About 20 years ago, “Patty” was in her 40’s with metastatic melanoma. She was a single mom with a 4-year-old son and worried about finances and health insurance. With the encouragement and support of her local doctors, her best shot at a cure was to be in an immunotherapy clinical trial at the National Institutes of Health (NIH), which required her to fly to another institution once a month for at least a year, and to be away from her son. Her employer gave her a very difficult time about extended medical leave and made her feel that her place at work might easily be filled if she took too much time off. Without nearby family, Patty had to ask for and rely on neighbors and friends to get her through a very difficult period.
“Grace,” a woman from China with 2 young children was in the United States with her physician husband when she was diagnosed with rectal cancer. Her husband was an alcoholic and would beat her when he was stressed and would also read her medical chart without permission. She was terrified of him for herself and their daughters. Her parents and family back in China did not approve of her husband or the marriage, so they were not willing to help. She felt alone and isolated. She kept bags packed in her car in case she needed them and was able to get to Safe House with her children.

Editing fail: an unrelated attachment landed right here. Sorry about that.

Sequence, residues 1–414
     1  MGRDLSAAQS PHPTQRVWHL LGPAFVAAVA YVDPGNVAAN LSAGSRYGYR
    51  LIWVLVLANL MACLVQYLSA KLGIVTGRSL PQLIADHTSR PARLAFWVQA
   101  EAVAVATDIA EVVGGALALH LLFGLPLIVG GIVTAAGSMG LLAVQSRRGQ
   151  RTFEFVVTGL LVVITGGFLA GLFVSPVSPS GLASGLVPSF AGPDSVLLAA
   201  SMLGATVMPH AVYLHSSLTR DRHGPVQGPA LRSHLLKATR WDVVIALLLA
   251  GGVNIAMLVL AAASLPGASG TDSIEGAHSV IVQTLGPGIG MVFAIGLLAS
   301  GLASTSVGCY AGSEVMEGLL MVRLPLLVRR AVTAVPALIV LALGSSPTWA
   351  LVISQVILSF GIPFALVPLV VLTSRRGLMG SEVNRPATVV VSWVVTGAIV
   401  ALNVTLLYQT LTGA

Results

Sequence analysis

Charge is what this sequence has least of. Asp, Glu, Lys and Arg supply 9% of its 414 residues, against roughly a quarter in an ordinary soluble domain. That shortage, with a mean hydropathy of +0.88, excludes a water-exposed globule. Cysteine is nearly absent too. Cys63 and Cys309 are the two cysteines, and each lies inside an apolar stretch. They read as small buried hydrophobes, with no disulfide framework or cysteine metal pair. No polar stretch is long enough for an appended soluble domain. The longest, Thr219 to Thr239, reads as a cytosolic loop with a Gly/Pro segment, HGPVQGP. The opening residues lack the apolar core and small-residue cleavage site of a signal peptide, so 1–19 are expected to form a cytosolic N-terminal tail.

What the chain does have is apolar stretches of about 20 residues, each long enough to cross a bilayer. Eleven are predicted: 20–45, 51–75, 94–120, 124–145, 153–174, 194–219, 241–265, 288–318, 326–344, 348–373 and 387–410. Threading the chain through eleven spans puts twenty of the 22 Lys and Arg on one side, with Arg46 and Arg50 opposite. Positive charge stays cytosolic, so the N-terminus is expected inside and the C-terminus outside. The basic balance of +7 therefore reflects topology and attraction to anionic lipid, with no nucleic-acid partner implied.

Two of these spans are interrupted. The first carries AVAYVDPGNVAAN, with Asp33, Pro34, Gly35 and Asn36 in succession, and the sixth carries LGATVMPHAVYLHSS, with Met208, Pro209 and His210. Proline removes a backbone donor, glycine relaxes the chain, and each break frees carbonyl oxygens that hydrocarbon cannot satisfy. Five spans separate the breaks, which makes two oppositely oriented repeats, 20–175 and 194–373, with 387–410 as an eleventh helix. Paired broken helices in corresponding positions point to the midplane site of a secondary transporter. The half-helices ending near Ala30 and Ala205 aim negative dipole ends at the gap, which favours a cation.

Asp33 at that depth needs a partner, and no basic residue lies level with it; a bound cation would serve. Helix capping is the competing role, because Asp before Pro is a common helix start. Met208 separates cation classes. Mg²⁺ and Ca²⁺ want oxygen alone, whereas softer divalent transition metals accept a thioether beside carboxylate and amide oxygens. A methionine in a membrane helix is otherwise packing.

Overcoming the Impossible
These are just a few of the many, many difficult, inspirational stories that we have had the privilege of helping to address and support, in terms of mental health care and services. As a psych oncology team, a joint program between the University of Michigan Department of Psychiatry and the University of Michigan Rogel Cancer Center, we have tried to determine best ways to screen for distress; have conversations about distress; provide ongoing psychotherapy and pharmacotherapy; transition patients back to the community or to a higher level of mental health service; and help the children, family members, and partners.
Through education and a collaboration with patients and families, we have focused on decreasing the stigma of asking for mental health services and to help clinicians recognize the mental health needs of patients with cancer. Thank you to all the women who have partnered with us and to those who were able to ask for and/or accept help in getting through some very difficult times and medical situations. All have been truly inspirational.
Dr Riba is professor in the Department of Psychiatry and director of the Consultation-Liaison Psychiatry fellowship at the University of Michigan in Ann Arbor. She is also director of psychoncology at the University of Michigan Rogel Cancer Center, and deputy editor in chief emeritus of Psychiatric Times™.
Is there a woman who inspires you? Write to us at PTeditor@mmhgroup.com for a chance to contribute to our Women Who Inspire series.